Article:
Brendesha Tynes on the Digital Equity Gap
Associate professor of education and psychology discusses growing up in Detroit, the new app she’s developing and the effects of videos depicting racial violence
Interview by Kianoosh Hashemzadeh
How did your experience growing up in Detroit shape you?
Detroit is this amazing place that does an excellent job of nurturing children to be not just good people, but strong people. Proud people. Resourceful people. Every person you meet will have this special kind of resilience and strength. Not only are they going to fight through hard times, but they’ll have a joy about them while doing it.
Growing up in an all-Black city and going to predominantly Black schools helps you develop a sense of self, and a love for your Blackness that you can’t get when you grow up in places where you might be the only Black person. Being in a Black city profoundly shaped who I am, the research that I do. My sense of creativity and innovation with my research is all because I had this foundation.
As young as third grade, I was a part of the African History Club, and we learned so many academic and life skills. We hustled to make money to travel. In third grade, I was selling candy so I could travel to Philadelphia for a club field trip. I also had an opportunity to be the editor and a writer for our newsletter as I learned about my history and who I am.
My mom also provided a model for me that suggested I might be able to do whatever I put my mind to. If I wanted to play saxophone, my mom bought me a saxophone. I wanted to go to dance school—she paid for me to take ballet, tap and jazz. Whatever I wanted to do, she would make a way for me. She called me her little explorer. At the same time, when I started asking for her to buy me nicer clothes when I got older, she said I had to get a job and pay for them myself. So I started working when I was 15, but had to be sure to maintain good grades and a number of leadership roles in high school.
There’s a saying, “Detroit hustles harder.” We know we have to work harder than most people, be more creative with accomplishing our goals and bounce back faster when faced with obstacles.
The COVID-19 pandemic has shifted many schools online, which has exacerbated existing digital equity problems. What are some of the problems, and how has the pandemic made them even worse?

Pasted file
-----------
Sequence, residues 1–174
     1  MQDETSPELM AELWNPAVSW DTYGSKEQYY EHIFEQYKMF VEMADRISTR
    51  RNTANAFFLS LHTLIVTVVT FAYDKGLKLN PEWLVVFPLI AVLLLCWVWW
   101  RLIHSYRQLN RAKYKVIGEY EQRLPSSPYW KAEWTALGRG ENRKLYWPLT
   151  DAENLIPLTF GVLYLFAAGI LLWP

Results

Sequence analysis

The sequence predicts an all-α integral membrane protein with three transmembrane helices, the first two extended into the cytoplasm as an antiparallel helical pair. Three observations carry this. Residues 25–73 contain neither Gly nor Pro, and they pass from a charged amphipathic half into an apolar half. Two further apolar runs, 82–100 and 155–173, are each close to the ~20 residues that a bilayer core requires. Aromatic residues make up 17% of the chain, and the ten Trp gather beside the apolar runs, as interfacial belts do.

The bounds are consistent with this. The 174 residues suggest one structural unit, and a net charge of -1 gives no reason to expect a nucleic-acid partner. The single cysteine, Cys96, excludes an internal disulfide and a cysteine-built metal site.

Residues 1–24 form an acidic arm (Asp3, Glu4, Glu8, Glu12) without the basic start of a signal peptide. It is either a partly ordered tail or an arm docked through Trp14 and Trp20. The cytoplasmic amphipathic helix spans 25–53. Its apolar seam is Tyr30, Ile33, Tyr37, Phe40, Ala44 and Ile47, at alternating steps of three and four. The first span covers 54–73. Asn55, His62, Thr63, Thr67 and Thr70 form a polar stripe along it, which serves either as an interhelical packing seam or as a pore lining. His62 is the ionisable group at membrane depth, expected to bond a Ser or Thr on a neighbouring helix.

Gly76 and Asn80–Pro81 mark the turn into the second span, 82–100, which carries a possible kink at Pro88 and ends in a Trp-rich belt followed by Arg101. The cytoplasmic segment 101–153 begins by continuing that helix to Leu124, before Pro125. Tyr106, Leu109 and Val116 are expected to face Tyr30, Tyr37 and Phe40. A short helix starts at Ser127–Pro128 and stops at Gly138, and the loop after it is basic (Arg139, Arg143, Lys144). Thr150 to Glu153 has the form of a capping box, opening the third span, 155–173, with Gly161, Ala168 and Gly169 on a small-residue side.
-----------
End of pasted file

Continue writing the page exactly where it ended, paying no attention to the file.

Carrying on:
It’s been well-documented that across the country we have inequities with respect to access to devices and internet connection. A Pew Research Center study from 2018 showed that 25 percent of Black teens often or sometimes are unable to complete their homework because they do not have a device at home or an adequate internet connection. This is compared with about 13 percent of White teens and 17 percent of Latinx teens. My center conducted a survey of remote learning experiences in spring 2020 and saw similar findings. Though 94 percent of the sample of 11- to 19-year-olds had an internet connection, only 82 percent had a high-speed connection that allowed them to complete their schoolwork. Of those who reported not having sufficient high-speed internet access, 37 percent were Black, 27 percent were Latinx, 18 percent were White, 2 percent were biracial, 12 percent were East Asian and 3 percent were South Asian. When we look at cities across the country, we see similar patterns with engagement. Los Angeles Unified School District, for example, reported a 20-point gap in participation on the Schoology platform for Black and Latinx students compared with White students.
We also see problems on a host of other indicators, including exposure to challenging school materials. For example, our remote-learning survey showed White students found their schoolwork challenging more frequently than did Black students in the areas of English and math, and Latinx students in the areas of English, math, government and science. We’ve had similar findings with respect to participants seeing themselves represented in school materials. Whites are much more likely to endorse questions about representation across subjects than students of color.
It’s also important to create an engaging learning environment, to give students assignments where they see themselves represented in the materials. Teachers have to give students space to talk about current events. Their lives should be a part of the curriculum.
Other troubling developments include the policing of Black and Brown bodies in online classrooms. There needs to be more research on this, but we’ve seen articles reporting students being disciplined for not engaging in remote learning, including not having their videos on. One teen in Michigan was sentenced to juvenile detention for not completing her assignments.
These are just a few problems on a very long list of inequities.
With looming budget cuts likely on the horizon, many school districts don’t have the resources to meet the moment. On the flip side, we’ve seen technology companies report record-breaking profits as our reliance on their technologies has substantially increased. What do you think it would take—both in financial terms and strategically—for schools to be equipped to operate online, and do you see a role for tech companies to play?
We need a complete reimagining of schools. Right now, we are just taking the old and putting it online and doing poorly at that. We need funding for current and emerging technologies. Teachers need funding to learn how to work the technology as well as how to promote academic and social-emotional learning while using digital tools.
This reimagining would require a new type of teacher: one who has extensive training in how to be anti-racist. A teacher who engages in anti-racist, culturally sustaining practices. This reimagining would not only include teachers trying to read more about race and racism and develop their own sense of self, but also deep reflection on students’ strengths and how they can leverage them in the classroom. We’ll have to revamp inequitable policies and textbooks that inadequately and inaccurately represent Black and Indigenous people. Students should be encouraged to create their own technologies, but instead we’re concerned with whether their cameras are on and how well they can complete an electronic worksheet.